Does wearing a hat make you go bald or is this just another myth that’s been passed on over the years? Turns out that wearing a hat may or may not cause hair baldness, depending on certain factors.
Does this mean you should stop wearing hats entirely? Of course not – but it’s important that you understand how hats and baldness are related so that you’ll know what to do and what to avoid.
Why Is The Myth Popular?
The idea of hats making you bald stems from the fact that hats essentially lock in the hair and scalp so that there’s practically zero air movement in the area. When this happens, the hair follicles get stressed out, causing hair loss.
How Is the Myth Debunked?
We say that hats may or may not cause baldness because there are scientifically reasonable instances where it can promote hair thinning. For example, those who wear hats tightly and often might be restricting air flow through their scalp so that the hair follicles become stressed.
Stressed hair follicles can repair themselves so even with damage, the thinning is often temporary. However, if you wear hats almost on a daily basis, there’s every chance that the hair loss becomes permanent.
Constant hat wearing essentially deprives your hair follicles of the chance to repair themselves so that at some point, they stop even trying.
What Do Experts Say?
Even the experts are divided in their opinion about baldness and wearing hats. The popular opinion however, is that wearing hats simply aggravates your disposition towards baldness.
This basically means that even without wearing hats, your genes are already programmed towards hair thinning and baldness. By wearing hats, you only speed up the process so that instead of hair thinning in your 60s, you suffer baldness in your 50s or even 40s.
University of Miami physician Maria Miteva, on the other hand, states that there’s no connection at all between hair loss and wearing a hat. According to her, the most that a hat can do is cause friction alopecia.
Friction alopecia is the presence of bald patches on the head rather than an overall thinning of the hair. This usually happens when the hat is very tight, causing the hair follicles to break.
Bald patches, however, are temporary and will grow back once the stress is removed. Of course, if the stress is applied on a consistent basis, then the bald patch will take a long time to recover.
What Kind of Hats Should Be Avoided?
Any hat that fits tightly over the head and prevents air from circulating should be avoided. Baseball caps with a comfortable fit or snow caps should be just fine.
You should also look into the material of the hat. Cloth and fabric types are often better because they allow air to pass through so that the follicles are cooled down.
How Often Should Hats Be Worn?
There’s no specific maximum amount of time that you’re allowed to wear hats. Keep in mind that hats are essentially used for protection – either from the sun, the cold, or rain.
The rule therefore is to wear hats only when you need them. If indoors or there’s really no need for the headgear, then make sure to take it off and allow your hair follicles to breathe in the fresh air.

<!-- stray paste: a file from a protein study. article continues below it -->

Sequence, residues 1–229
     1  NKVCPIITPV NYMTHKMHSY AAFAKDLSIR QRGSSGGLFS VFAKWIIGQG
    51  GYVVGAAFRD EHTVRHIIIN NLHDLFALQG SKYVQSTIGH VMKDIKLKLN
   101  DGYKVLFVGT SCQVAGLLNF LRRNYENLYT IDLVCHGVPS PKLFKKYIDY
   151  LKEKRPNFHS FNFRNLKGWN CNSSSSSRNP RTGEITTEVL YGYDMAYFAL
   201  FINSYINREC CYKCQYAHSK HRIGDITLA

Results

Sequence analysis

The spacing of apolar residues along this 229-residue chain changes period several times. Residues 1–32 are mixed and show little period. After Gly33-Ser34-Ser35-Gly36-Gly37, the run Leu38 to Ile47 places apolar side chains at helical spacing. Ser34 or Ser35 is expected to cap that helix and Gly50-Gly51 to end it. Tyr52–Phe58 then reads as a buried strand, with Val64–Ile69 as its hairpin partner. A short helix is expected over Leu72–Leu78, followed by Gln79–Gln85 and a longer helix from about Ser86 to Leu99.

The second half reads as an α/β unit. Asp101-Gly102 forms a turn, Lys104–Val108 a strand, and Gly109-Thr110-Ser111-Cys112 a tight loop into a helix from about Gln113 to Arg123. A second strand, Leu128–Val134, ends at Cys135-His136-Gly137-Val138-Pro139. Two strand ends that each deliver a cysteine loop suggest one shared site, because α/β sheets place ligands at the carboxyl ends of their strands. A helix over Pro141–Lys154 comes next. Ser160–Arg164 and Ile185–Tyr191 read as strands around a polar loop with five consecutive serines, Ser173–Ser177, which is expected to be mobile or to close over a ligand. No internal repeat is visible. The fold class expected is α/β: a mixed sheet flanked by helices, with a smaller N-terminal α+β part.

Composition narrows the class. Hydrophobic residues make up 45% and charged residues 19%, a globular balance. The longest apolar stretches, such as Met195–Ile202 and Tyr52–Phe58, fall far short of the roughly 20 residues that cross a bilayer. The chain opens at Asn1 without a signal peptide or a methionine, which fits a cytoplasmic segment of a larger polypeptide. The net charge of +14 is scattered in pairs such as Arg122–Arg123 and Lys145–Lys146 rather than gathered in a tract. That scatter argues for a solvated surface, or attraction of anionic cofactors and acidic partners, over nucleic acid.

Is It the Same for Men and Women?
Men are more likely to experience hair thinning as opposed to women. Even if both genders wear hats often, it is still the male who is more likely to experience baldness.
Of course, that doesn’t mean that women are spared from hair thinning when wearing hats. Some women report noticeable decrease in the thickness of their hair after wearing hats for long periods of time.
So What Really Causes Baldness?
Studies show that hats aren’t the primary cause of baldness as numerous other factors can trigger the problem. Here are some of the more likely factors that can make you go bald:
- Genetics – if your father, grandfather, or even mother has gotten bald, chances are you will too. This is a genetic predisposition but can be addressed with small success.
- Continued stress – tying the hair tightly pulls onto the hair follicles, causing them to break. If the stress is applied continuously, this might lead to hair thinning.
- Bad health – keep in mind that the hair pulls vitamins and minerals from your body. Poor health and a poor diet therefore deprive it of the minerals it needs, causing substantial hair loss.
- Some medications – there are some treatments that can cause hair loss. One of the more common ones is chemotherapy.
How Do You Prevent Baldness?
The good news is that there are ways to prevent baldness or restore hair growth in a bald patch. Ideally however, men and women should address baldness issues even before they become extreme.
- Topical Creams and Shampoos
- Natural methods
- Hair Transplant
Doctors can recommend high-grade medications that can promote the production of hormones involved with hair growth. Combined with other treatments, this can effectively provide results.
Some products today are being sold over the counter for hair growth. Make sure to check reviews about these products before actually making your purchase.
For those who can’t get results with medications and creams, hair transplants are now becoming popular. It can be expensive, but it promotes the growth of new hair with amazing results.
To wrap it up – wearing hats in the normal manner will NOT cause baldness in many people. However, there are some things you might be doing that are actually causing the baldness and it’s important that you learn to identify those.
Once you’ve managed to identify the actual cause of the problem, you can start using the proper treatment to reverse the process. During this time, you might want to stop wearing hats as well, unless it’s actually necessary.
So does wearing a hat make you go bald? No – and it’s important to debunk the myth now so you and others can start to REALLY address the actual reasons for the hair thinning.